I have composed a couple of problems to help you test your decision making and creative thinking capacities in chess. To give myself the best chance of avoiding people hating me following this exercise, I will advise you to take a very close look at the initial position before you make your first move. Good luck!
Position 1: White to play, mate in 20 moves or less
If you were able to solve this, well done. Your solution may resemble somewhat one of the following lines:
If you weren't able to solve it, was it too long? Too hard? Too boring?
Okay, I understand; try this one instead.
Position 2: White to play, mate in 1
Yes, I have given you the same position--only with a different stipulation. Well, I did say 20 moves or less.
Probably you have found the solution by now, but let us consider for the moment how this position could have arisen. What was Black's last move? For instance, the queen could not have moved last as it already would have been giving check; similarly for the light-squared bishop and d7, and for the e- and g- pawns if they had been on e6 and g6 respectively. The d6 pawn could not have moved on the last turn given the light-squared bishop has somehow made it out already. And no black piece could have moved from a square that with White to move is currently occupied by a white piece.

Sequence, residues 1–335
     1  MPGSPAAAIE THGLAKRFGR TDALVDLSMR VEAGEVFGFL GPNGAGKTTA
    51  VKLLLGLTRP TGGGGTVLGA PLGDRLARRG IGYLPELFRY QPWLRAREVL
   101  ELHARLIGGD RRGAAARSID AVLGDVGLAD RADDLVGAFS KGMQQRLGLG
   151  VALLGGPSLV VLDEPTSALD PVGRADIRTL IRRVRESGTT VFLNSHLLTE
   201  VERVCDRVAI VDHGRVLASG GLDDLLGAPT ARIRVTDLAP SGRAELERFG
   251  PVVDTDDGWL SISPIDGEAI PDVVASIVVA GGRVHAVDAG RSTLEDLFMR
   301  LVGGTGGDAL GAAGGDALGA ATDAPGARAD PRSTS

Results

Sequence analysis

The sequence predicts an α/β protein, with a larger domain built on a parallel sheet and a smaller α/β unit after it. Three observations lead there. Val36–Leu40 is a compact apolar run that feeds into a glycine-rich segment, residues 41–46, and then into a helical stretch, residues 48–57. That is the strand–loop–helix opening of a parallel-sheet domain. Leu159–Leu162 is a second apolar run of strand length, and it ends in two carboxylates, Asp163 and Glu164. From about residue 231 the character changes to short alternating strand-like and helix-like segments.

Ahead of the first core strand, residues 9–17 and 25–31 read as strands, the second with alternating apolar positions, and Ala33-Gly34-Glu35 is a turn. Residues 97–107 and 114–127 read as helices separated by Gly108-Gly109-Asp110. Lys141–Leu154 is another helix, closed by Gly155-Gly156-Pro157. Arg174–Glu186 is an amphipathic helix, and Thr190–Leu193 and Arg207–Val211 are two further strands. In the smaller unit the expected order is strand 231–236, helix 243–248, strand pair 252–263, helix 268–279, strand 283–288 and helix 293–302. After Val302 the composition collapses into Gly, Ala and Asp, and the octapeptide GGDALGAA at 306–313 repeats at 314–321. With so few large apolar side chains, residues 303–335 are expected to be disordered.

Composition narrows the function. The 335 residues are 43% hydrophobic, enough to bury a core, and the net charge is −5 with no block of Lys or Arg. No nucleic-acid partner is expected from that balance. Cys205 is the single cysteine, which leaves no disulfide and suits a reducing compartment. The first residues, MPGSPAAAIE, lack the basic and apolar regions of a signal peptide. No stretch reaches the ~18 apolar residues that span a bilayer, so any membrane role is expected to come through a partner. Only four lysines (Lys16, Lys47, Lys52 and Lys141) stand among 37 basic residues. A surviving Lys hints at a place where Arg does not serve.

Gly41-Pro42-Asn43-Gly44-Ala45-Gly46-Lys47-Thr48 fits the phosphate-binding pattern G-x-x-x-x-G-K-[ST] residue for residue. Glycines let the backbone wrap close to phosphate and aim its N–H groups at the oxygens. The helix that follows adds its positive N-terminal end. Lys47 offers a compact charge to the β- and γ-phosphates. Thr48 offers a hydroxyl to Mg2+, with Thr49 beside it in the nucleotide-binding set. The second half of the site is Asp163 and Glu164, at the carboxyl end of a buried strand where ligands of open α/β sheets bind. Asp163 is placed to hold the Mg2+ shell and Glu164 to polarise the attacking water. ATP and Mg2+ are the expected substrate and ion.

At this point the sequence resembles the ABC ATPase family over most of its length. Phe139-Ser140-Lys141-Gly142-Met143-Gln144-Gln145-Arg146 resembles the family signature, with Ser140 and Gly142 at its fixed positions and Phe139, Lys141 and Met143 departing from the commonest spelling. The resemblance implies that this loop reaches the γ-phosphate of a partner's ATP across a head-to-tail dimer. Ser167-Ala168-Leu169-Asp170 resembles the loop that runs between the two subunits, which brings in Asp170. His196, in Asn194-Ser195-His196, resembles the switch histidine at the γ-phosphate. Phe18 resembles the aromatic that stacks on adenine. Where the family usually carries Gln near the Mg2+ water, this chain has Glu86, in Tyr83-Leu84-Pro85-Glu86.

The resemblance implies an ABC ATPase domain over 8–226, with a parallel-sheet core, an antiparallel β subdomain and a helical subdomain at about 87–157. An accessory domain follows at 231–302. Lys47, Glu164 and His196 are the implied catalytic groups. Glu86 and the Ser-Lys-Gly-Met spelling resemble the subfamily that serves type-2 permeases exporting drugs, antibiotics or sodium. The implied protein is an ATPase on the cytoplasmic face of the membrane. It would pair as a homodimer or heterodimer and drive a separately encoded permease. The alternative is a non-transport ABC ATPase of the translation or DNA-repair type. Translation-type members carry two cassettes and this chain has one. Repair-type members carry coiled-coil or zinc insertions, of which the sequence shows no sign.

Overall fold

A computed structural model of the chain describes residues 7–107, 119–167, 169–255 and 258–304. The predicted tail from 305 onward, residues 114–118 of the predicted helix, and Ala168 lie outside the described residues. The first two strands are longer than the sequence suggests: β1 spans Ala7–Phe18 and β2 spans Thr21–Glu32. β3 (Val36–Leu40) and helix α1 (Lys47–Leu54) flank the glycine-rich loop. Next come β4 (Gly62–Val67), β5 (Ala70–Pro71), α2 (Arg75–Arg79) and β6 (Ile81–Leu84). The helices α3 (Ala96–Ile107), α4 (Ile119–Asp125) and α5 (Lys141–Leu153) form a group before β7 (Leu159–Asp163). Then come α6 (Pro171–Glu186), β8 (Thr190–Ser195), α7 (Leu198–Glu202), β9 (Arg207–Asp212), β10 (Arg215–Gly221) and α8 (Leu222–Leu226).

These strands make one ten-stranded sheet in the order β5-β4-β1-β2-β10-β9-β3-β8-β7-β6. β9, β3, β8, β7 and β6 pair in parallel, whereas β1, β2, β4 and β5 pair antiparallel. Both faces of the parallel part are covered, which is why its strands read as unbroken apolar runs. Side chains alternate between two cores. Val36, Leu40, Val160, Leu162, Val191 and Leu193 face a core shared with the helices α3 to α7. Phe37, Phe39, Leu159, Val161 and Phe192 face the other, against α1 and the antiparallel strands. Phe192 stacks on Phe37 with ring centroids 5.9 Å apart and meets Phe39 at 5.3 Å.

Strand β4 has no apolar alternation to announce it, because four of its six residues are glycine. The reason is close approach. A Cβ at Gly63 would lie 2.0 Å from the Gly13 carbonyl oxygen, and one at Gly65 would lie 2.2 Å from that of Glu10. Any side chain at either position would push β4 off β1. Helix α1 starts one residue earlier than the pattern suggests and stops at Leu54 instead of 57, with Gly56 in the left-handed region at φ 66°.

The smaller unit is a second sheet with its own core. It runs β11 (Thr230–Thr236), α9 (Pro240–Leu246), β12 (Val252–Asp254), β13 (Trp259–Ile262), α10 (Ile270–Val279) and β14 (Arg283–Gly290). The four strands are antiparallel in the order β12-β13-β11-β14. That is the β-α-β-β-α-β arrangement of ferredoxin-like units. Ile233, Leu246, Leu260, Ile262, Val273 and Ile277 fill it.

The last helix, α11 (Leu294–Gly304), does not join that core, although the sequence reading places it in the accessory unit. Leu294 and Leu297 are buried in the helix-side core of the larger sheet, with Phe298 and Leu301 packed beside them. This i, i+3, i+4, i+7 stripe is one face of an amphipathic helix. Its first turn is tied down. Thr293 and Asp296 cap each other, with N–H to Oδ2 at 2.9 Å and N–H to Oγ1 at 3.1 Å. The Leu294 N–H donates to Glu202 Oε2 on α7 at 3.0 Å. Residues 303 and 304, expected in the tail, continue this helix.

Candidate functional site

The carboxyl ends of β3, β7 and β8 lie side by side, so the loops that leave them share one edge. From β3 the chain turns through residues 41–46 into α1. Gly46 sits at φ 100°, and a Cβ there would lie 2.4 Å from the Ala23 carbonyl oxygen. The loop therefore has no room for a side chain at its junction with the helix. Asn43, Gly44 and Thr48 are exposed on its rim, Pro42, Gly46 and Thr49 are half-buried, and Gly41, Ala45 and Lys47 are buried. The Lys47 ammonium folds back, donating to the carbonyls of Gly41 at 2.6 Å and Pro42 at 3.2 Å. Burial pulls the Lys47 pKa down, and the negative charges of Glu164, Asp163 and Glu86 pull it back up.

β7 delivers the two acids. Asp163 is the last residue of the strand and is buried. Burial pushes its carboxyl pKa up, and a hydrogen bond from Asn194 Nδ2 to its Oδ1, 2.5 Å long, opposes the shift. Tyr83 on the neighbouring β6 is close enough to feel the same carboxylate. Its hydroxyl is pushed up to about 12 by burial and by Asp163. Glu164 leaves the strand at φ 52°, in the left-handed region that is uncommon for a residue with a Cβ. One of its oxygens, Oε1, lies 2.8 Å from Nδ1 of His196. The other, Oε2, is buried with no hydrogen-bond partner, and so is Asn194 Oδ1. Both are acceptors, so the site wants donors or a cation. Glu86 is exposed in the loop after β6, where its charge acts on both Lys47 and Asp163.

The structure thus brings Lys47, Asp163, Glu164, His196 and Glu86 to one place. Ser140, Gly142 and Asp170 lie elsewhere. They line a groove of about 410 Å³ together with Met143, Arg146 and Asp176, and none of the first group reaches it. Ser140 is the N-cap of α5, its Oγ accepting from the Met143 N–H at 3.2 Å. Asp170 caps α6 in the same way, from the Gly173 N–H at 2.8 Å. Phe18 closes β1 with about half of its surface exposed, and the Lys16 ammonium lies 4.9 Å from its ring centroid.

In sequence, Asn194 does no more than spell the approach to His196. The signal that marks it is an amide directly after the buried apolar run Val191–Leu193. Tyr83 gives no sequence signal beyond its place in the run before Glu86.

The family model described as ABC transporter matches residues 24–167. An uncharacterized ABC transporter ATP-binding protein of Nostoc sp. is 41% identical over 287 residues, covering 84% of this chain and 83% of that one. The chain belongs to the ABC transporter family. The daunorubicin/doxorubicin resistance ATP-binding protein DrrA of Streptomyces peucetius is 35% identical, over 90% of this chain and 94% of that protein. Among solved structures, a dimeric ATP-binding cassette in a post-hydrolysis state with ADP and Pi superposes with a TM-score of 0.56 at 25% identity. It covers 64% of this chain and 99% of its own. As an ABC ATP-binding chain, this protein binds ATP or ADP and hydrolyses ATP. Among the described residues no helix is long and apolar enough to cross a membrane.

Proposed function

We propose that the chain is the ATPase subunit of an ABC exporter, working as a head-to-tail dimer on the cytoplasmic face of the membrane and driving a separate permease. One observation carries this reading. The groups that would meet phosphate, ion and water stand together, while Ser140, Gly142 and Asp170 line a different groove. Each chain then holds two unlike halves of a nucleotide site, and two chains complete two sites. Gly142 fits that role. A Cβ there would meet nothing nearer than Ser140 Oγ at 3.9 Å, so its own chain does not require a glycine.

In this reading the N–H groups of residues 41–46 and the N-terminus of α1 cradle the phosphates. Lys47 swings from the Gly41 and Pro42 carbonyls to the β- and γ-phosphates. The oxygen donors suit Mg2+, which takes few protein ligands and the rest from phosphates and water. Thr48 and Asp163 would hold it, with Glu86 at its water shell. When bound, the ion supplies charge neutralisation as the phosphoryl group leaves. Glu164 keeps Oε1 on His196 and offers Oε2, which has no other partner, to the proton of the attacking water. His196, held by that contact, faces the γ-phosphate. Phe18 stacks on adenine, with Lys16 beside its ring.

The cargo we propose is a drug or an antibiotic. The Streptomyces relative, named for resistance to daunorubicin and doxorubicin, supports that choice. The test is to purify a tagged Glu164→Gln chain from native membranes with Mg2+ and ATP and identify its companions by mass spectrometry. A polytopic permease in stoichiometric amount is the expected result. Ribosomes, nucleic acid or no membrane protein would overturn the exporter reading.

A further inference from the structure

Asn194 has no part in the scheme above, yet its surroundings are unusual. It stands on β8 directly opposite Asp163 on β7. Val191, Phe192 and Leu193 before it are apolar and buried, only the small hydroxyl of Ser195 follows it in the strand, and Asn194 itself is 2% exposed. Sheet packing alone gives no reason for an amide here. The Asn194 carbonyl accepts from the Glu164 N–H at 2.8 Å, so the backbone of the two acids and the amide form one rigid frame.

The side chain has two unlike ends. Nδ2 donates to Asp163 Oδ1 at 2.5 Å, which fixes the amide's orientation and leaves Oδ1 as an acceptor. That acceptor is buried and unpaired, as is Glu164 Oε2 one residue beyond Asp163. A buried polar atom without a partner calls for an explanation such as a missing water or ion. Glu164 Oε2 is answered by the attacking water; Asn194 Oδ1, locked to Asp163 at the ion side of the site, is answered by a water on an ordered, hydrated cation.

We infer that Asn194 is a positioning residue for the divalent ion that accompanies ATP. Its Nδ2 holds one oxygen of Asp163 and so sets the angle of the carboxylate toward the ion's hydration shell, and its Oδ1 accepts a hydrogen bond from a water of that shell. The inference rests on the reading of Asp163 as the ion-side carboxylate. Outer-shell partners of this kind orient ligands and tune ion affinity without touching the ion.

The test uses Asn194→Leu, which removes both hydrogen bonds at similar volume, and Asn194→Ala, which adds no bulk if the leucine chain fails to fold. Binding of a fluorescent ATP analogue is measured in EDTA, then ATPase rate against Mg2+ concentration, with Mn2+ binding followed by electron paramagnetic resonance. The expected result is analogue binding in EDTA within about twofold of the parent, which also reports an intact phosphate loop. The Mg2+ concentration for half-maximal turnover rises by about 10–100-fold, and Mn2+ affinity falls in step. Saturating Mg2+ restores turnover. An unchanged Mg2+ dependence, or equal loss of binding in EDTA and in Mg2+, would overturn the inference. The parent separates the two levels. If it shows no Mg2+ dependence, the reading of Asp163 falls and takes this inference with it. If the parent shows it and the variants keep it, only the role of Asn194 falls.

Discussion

(By the way, this position is possible: We can assume that prior to this White had played either b6 or c6, and Black had been oscillating with knight or light-squared bishop.)
So, a close inspection reveals that, in fact Black's only possible move prior to this position was 0...g7-g5, upon which, in accordance with the en passant rule, we are allowed to play the move 1.hxg6 checkmate.
Of course it was a bit of a trick puzzle, and perhaps a few readers/solvers dislike me right now for feeling I have wasted their time, but I think it teaches an important principle: that it can be very hard to see what you are not looking for. Maybe you began by seeing the number 20 and expecting the problem to be a very long one, thereby neglecting to appraise the initial position with much scrutiny or lateral thinking. I reckon if I had presented the first problem as "mate in 1" it would have been a very different story. Our expectations and assumptions inform our judgments and the way we view the world all the time without us realising it.
To be creative and heighten your ability to see different possibilities in chess it is important to be willing to identify and question what you think you know, to be open to receiving new information, and not to cast judgment before judgment is due. This, I believe, is the sort of perspective one should try to adopt if one wants to develop and maintain a free-thinking and creative mind, for chess and for life.
I hope, dear reader, that I have not perturbed too severely your faith in my trustworthiness and that you will come back to read my future posts. Next time I will try not to be quite so mean. :)